Beit She'arim was founded at the end of the 1st century BCE, during the reign of King Herod, and reached the height of its prosperity in the Roman period. The town suffered greatly during the repression of the Jewish rebellion in 351 against Gallus Ceasar (the ruler of the Orient under the Emperor Constantius II) and then declined; it was abandoned during the Early Arab period (7th century).
The town in southern Galilee was first mentioned by Josephus Flavius (Life 118-119) as Besara, the administrative center of the estates of Queen Berenice in the Jezreel Valley in the 2nd century. The locality became known as Beit She'arim, and a rabbinical academy was established there. Later in the same century the town gained fame when the Sanhedrin (Jewish legislature and supreme council after the destruction of Jerusalem in 70 CE) was moved to Beit She'arim and Rabbi Judah Hanasi took up residence there. The revered Rabbi is especially known as the redactor of the Mishnah (collection of oral laws) and though he died in Zippori, he was buried in Beit She'arim. In the 3rd and 4th centuries, many Jews, both in the Land of Israel and in the Diaspora, were buried in Beit She'arim, and its cemetery became a necropolis.
During ten seasons of excavation conducted in the 1930s and 1950s in the urban area of Beit She'arim and in its cemetery, many finds confirmed the identity of the site and the town's centrality in Jewish history, as recorded in written sources.
Beit She'arim was built on the top and on the southern slopes of a hill; in the Roman period it covered an area of about 25 acres. Remains of a number of large and very well-built public buildings were uncovered. Worthy of mention are the basilica with a 40 x 14 m. hall, divided by two rows of columns, which served as a meeting place for the discussion of secular matters; and the ancient synagogue measuring 35 x 15 m. next to it.
The prayer hall of the synagogue, with two rows of columns along its sides and an elevated podium at the back, was entered from the south (the direction of Jerusalem). The interior walls were plastered and painted; some dedications to public office holders were found on the plaster.
The large cemetery of Beit She'arim contained many tombs and catacombs, some of them family tombs, others public burial places. Hewn into the slopes of the hills southwest of the town, some tombs are small and simple, but many became, in time, complex networks of catacombs. It would appear that the cutting of burial caves was an important part of the town's economy. Over the centuries, the caves were broken into, damaged and their contents robbed.
The public caves are particularly large and elaborate, with entrances via large courtyards. Their decorative stone façades are in Roman architectural style. The entrances have three openings with heavy pivoting stone doors, carved in imitation of wooden doors with panels and nails. From the entrance, one descends several steps to the burial cave, which consists of a central hallway and a network of halls, at times two stories high. One of the catacombs consists of 16 burial halls with 400 assorted burial places, including troughs, pit graves, arcosolia and loculi. Sarcophagi made of local limestone or marble and a few of clay or lead, were found in the caves. There was also evidence of burial in wooden coffins, of which only the metal parts survived.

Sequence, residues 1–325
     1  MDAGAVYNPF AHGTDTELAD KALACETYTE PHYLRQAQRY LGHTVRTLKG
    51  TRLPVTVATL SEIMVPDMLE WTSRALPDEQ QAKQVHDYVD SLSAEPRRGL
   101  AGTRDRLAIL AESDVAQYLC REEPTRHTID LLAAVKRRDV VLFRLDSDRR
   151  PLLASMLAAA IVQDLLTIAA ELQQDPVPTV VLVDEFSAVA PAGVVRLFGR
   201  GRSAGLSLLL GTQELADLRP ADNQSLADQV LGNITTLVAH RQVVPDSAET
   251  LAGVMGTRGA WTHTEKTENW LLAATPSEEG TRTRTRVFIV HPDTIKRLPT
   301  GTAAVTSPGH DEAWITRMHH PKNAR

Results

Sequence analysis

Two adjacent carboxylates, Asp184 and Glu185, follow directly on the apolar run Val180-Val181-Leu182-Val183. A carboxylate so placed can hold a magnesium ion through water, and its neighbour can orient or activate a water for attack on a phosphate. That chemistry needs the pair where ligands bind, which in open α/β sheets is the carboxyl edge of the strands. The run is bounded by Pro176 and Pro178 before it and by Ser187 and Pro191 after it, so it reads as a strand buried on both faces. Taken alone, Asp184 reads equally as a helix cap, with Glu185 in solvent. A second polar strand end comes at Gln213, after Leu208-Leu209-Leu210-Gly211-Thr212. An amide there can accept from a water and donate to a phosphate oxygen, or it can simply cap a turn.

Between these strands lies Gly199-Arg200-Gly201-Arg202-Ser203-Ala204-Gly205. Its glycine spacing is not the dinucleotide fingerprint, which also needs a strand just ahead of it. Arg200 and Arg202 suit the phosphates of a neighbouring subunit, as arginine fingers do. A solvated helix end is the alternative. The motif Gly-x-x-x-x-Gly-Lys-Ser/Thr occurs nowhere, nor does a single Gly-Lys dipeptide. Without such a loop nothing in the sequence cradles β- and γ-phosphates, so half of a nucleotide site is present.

The walls of the halls were decorated with carvings, paintings and engravings, providing examples of Jewish folk art of the period, and also Hellenistic influences. Obvious Jewish symbols are the seven-branched menorah (candelabrum), the Torah Ark (sometimes in a niche), the lulav (palm frond), etrog (citron), shofar (ram's horn) and incense shovel. There are also geometric motifs, figures of humans and animals, ships and architectural items, such as an arched gateway or a column with a capital.
Many inscriptions engraved or painted on the walls and on stone plaques mention famous rabbis, community leaders, merchants and officials of the town and the country. Of particular interest are inscriptions naming distant Jewish communities in Syria, Lebanon, Egypt, Babylonia and even in southern Arabia, from where the remains were brought for burial.
Most of the inscriptions are in Hebrew and Greek, with a few in Aramaic. The text is usually short: the name of the deceased and shalom (peace) or haval (alas!). The longer inscriptions provide information about the deceased, such as genealogy, occupation and place of origin abroad.
Typical Hebrew inscriptions:
A typical Aramaic inscription:
Typical Greek inscriptions:
Two elaborate burial complexes found on the northern slope of the town are particularly noteworthy. Semi-circular structures in the form of small theaters with benches, built above the caves, probably served as places for prayer and sermons when families and friends met on memorial days.
Cave complex No.14 probably belonged to the family of Rabbi Judah Hanasi. Hebrew inscriptions mentioning Rabbi Shimon, Rabbi Gamliel and Rabbi Hanania, the sons and student of Rabbi Judah Hanasi, were found on the walls:
The most important burial complex (No. 20) has a central corridor, about 50 m. long, from which numerous halls branch off. Some 130 limestone sarcophagi decorated in a local version of Roman mortuary style were found here, as well as marble sarcophagi decorated with mythological scenes, which had been broken and used for the manufacture of lime in later periods. Most of the decorations on these sarcophagi are foreign - bulls' heads, eagles, two lions facing each other - but there are also Jewish symbols, such as the menorah. Some 20 Hebrew inscriptions were found on the walls of the cave and on sarcophagi, in which rabbis and famous persons and members of their families are mentioned:
Sources: Israeli Foreign Ministry